When you begin trail running you will most likely be more used to having a very wide stride, especially if you are used to fast, road-running. To help keep you balanced and ensure your pace is on track, it helps to have smaller strides and to be quicker or more agile with your feet and shoe placement.
If you are running downhill especially, it is natural to extend your stride - however this can also cause you to become unbalanced while running too fast. Instead, to help maintain your balance it is suggested to shorten your strides and go a bit slower. This also helps reduce impact on your body while running on technical trails.
Don't hesitate or overthink it
One of the big reasons trail running is so fun is that it is time to get dirty and messy while pushing yourself and having an adventure in nature. While it is important to ensure you are trail running safely and to have the right equipment and form - it is also important to go out there and enjoy the raw, natural beauty of messy and uneven trails. And likewise, your running style will be a bit messy just like the trails.
Sometimes it is best to trust your body and feet and commit to the run, rather than to be timid or afraid of the odd fall or slip (which is bound to happen if you become an avid trail runner). Part of what makes trail running such a great sport for both your body and mind is that you are constantly having to think on your feet and to re-adjust your stride or strategy on-the-fly, which is why it is best to not hesitate and go out and enjoy the dirty beauty of uneven terrain.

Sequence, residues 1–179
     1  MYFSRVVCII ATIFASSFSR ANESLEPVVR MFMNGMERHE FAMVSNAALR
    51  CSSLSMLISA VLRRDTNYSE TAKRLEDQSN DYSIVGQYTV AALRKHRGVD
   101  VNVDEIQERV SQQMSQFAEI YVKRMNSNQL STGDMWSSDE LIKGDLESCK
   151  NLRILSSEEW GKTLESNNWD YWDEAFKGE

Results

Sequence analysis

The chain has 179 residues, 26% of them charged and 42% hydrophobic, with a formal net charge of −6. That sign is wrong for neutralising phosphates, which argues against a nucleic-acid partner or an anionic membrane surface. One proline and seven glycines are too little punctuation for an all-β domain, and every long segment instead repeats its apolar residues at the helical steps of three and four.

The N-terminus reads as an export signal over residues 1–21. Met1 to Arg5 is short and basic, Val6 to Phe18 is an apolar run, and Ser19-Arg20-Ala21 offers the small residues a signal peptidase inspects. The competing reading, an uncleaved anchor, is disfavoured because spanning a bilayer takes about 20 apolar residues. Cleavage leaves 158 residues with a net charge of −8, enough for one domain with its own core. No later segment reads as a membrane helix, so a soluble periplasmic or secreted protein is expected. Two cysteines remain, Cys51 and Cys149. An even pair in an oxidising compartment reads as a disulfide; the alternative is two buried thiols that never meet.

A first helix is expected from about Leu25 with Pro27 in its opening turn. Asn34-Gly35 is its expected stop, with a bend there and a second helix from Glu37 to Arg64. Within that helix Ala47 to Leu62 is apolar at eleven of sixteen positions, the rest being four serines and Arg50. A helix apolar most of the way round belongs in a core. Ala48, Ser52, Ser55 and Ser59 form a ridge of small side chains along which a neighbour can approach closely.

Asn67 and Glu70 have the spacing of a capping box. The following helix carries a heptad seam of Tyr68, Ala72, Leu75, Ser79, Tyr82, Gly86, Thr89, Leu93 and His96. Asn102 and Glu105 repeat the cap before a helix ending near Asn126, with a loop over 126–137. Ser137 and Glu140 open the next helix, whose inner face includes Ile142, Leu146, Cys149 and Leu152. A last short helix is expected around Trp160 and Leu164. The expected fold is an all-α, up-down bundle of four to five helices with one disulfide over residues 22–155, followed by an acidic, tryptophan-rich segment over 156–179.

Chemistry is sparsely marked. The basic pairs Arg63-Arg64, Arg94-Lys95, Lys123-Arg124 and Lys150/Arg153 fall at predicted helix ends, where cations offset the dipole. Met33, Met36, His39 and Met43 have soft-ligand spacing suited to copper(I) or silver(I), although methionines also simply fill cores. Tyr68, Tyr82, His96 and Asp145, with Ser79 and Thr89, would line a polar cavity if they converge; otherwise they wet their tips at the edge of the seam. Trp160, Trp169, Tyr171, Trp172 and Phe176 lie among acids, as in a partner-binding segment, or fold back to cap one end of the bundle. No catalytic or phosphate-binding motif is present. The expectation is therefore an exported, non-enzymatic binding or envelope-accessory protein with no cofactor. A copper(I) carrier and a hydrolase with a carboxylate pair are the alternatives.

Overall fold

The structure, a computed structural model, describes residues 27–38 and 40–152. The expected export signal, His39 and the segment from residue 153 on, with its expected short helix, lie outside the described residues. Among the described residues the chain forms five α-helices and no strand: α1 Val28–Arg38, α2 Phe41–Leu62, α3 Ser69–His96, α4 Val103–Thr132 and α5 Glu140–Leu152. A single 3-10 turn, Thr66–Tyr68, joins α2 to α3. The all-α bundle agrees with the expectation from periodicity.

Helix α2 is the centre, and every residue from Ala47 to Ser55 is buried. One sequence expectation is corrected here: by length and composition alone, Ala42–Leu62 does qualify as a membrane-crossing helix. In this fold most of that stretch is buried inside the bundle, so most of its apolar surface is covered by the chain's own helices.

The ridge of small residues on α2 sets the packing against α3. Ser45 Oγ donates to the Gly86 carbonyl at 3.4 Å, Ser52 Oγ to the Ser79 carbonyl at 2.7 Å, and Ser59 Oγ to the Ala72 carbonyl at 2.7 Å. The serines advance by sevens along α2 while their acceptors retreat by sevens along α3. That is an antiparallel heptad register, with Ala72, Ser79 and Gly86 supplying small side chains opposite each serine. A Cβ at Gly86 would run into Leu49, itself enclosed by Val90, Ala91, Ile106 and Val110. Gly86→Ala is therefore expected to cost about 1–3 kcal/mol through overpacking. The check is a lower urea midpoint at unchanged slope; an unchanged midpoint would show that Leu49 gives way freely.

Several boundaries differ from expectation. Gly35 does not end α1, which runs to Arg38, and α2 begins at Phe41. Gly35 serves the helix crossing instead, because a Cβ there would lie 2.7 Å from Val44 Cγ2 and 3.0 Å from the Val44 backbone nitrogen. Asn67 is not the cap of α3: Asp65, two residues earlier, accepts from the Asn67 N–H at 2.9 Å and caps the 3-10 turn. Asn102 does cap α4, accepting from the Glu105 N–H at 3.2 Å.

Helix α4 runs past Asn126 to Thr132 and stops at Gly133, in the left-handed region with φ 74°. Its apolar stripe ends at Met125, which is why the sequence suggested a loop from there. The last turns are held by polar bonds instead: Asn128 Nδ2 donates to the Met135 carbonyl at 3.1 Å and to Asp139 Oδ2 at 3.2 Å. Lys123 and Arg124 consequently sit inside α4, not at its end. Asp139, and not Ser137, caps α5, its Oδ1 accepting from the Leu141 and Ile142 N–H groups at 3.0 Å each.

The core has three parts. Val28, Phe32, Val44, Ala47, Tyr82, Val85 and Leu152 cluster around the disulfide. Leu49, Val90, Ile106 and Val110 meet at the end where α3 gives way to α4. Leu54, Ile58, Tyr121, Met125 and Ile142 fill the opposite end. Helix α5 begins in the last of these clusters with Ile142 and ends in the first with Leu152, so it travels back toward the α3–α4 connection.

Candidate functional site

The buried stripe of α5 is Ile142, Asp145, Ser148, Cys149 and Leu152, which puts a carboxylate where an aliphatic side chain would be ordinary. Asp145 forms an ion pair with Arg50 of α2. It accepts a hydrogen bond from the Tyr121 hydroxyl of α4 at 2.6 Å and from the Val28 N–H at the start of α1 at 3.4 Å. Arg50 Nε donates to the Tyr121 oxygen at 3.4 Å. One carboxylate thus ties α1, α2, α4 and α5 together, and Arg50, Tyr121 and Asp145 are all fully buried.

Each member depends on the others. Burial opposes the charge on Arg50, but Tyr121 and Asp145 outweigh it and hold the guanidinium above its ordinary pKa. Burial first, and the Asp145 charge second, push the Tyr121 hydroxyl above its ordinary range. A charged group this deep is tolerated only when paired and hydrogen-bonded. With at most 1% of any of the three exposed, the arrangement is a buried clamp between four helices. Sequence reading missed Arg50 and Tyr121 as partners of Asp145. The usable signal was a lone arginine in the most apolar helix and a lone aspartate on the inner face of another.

3. Teams & Community
Lastly, an important part of trail running is to ensure you do so safely and with as much preparation and advice as possible. This is why it is always suggested that you find a group of friends or other like-minded people to start running with in your community. There are plenty of trail-running clubs and groups that can be found on the internet or social media which also help to connect runners together and plan your outdoor adventures.
This also helps you to get in touch with people who are more familiar with the trail routes than you, and can offer advice on which trails will best match your level of fitness - or anything else to consider.
Running groups or organizations are also a fantastic way to tap into the trail running community so that you can experience the trails while also doing so safely in larger groups as well as getting inspired by others to conquer more mountains in the future.
See you on the trails!